FILE - In this Feb. 13, 2010, file photo, Steve Yzerman, executive director Canada\'s Olympic men\'s hockey team speaks to reporters during a news conference at the 2010 Vancouver Olympic Winter Games in Vancouver, B.C. THE CANADIAN PRESS/Ryan Remiorz
TAMPA, Fla. - Hall of Famer Steve Yzerman is the Tampa Bay Lightning's new general manager, taking on the task to rebuilding a franchise that's fallen on hard times since winning its only Stanley Cup championship six years ago.
The former Detroit Red Wings captain and executive was introduced Tuesday as Brian Lawton's replacement during a press conference at St. Pete Times Forum. Lawton and coach Rick Tocchet were fired April 12.
"This is a long-term project for me. I believe building a Stanley Cup calibre team takes time and there will be many decisions, some lengthy, that will be made over the course of time," Yzerman said.
"There is no easy fix. I don't sit up here with the notion that there is a magic wand I can wave and make changes and we're a Stanley Cup contender. I plan on making the Lightning better for the upcoming season, but the long-term goal is to make this team a perennial contender."
Since retiring in 2006, Yzerman has worked as a vice-president for the Red Wings, the only team he played for during a 22-year career in which he scored 692 goals, amassed 1,755 points and was part of three Stanley Cup winners.
The 45-year-old recently led Canada to men's Olympic hockey gold as Hockey Canada executive director at the Vancouver Games.
Tampa Bay's new owner, Jeff Vinik, fired Lawton and Tocchet after the struggling franchise missed the playoffs for the third straight season. The Lightning went 34-36-12 this season and were 53-69-26 in just under two seasons under Tocchet.
Detroit owners Mike and Marian Ilitch congratulated Yzerman but said his departure was hard on them, the team and the city.
"Steve Yzerman ... has been synonymous with the Red Wings and Hockeytown for as long as most of us can remember," they said in a statement. "We drafted him as a young and shy 18 year old—just a year after we bought the team—and he has been part of it all: the ups and downs, highs and lows, the (Stanley) Cups, the celebrations, really everything Red Wings over the last 27 years."
Yzerman was not going to get a chance to be Detroit's GM soon because two executives above him, Ken Holland and Jim Nill, are expected to sign long-term deals.
"After talking to many people throughout the league, I came to the conclusion that Steve was the person to bring a winning culture back to this team," Vinik said.
"Steve is in charge of all hockey-related decisions," the owner added. "He does answer to me, but I trust his judgment and his insight."
Many felt Yzerman would be reluctant to leave the only club he had worked for, however he relished a chance to be a GM and had conceded he might have to leave Detroit to get that opportunity.
"I have mixed emotions, both good and sad," said Red Wings senior vice-president Jim Devellano, who drafted Yzerman fourth overall in 1983 and watched him lead the franchise's turnaround on the ice.
"He's been such an integral part of the Red Wings for 27 years, first as a player and then as a front-office person," Devellano added. "I'm sad for us, but happy for him to get this wonderful opportunity."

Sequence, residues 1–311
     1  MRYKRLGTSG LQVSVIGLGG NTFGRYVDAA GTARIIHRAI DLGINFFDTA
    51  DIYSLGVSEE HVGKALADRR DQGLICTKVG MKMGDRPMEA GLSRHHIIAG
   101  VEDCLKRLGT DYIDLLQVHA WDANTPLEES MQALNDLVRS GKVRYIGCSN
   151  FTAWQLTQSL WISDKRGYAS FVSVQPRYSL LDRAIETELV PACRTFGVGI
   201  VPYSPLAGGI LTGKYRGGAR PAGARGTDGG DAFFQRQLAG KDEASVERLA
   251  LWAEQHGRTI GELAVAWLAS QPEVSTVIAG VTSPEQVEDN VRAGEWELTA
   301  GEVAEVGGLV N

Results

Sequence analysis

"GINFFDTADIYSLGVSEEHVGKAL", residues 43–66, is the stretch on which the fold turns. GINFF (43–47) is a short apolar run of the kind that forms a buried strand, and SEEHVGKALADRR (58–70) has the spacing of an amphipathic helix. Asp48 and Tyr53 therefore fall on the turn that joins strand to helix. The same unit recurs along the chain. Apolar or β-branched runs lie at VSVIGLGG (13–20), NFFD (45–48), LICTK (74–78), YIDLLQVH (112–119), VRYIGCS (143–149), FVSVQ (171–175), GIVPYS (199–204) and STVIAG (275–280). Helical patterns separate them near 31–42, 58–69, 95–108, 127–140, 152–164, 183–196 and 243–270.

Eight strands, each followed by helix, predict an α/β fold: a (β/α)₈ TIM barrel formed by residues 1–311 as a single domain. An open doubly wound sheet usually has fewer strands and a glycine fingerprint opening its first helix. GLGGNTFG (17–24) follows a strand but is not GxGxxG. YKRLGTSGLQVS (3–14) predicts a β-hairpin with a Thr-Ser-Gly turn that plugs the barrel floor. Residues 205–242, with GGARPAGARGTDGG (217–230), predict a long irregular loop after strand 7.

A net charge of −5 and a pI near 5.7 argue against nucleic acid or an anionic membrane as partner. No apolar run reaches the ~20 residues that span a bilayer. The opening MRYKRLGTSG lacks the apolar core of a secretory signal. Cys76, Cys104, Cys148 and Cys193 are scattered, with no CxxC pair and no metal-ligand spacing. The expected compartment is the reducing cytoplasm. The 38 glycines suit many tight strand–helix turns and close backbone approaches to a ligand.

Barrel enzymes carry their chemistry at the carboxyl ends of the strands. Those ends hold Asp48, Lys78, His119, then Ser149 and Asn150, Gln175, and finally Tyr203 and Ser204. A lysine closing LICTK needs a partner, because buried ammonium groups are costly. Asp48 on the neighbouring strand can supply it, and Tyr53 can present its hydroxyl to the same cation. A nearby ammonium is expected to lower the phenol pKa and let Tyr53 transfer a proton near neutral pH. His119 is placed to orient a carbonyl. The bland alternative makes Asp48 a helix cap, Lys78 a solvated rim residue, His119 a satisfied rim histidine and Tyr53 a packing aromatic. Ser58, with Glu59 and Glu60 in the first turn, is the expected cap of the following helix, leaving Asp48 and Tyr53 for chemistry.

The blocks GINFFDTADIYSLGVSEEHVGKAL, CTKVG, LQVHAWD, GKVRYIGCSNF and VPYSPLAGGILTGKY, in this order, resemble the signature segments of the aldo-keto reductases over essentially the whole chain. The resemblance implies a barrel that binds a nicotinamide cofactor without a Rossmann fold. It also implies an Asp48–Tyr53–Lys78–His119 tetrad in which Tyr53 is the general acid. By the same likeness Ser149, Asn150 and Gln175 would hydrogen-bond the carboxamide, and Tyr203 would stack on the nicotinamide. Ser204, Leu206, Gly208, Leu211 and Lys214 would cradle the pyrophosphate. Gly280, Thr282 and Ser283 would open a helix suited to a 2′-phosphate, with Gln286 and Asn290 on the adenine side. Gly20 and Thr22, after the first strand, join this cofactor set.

Yzerman was born in Cranbrook, B.C., and he became one of the best two-way players in NHL history. He was a Red Wings captain for two decades and won a fourth Stanley Cup title as part of Detroit's front office in 2008.
Yzerman experienced the high of helping Canada win gold in 2002 and the disappointment of a fourth-place finish at the 1998 Nagano Games in two of his eight international competitions as a player.
As GM, Yzerman led Canada to gold at the 2007 world championship and silver the next year before focusing on the Olympics.
Yzerman was chosen to lead Canada's quest for gold again after his predecessor, Wayne Gretzky, failed to help the team repeat four years ago. He made all the right moves at the Olympics, assembling a perfectly blended roster that gave the hockey-crazed country what it wanted.
In Tampa Bay, Yzerman's inherits a team that's made three coaching changes in two years but is not devoid of talent.
The roster includes two stars from the Stanley cup winner, Vincent Lecavalier and Martin St. Louis, as well as Victor Hedman and Stephen Stamkos, the top pick in the 2008 NHL draft who scored 51 goals this season to tie Sidney Crosby for the league lead.
"Stevie will work for a singular owner—similar to the setup we have in Detroit—and he's got a handful of players to work with right away," Devellano said. "Stamkos and Hedman are promising young players while St. Louis and Lecavalier are good veterans."
There's been lots of speculation of about Lecavalier's future. The team's highest-paid player has a no-trade clause in his contract but has said he'd like to help the club get back to the playoffs.
In addition to hiring a coach, preparing for next month's NHL draft will be a priority in coming weeks.
Yzerman welcomes the challenge.
"It was very difficult to leave the Red Wings. I've been there my whole career and I was very safe there, surrounded by people I knew and looked out for me," Yzerman said. "That's my home and where my children were born. So this is a major decision, and one I've thought about for a long time."
AP Sports Writers Larry Lage in Detroit and Fred Goodall in St. Petersburg, Fla.; AP reporter David N. Goodman in Detroit; and AP freelance writer Mike Camunas in Tampa contributed to this report.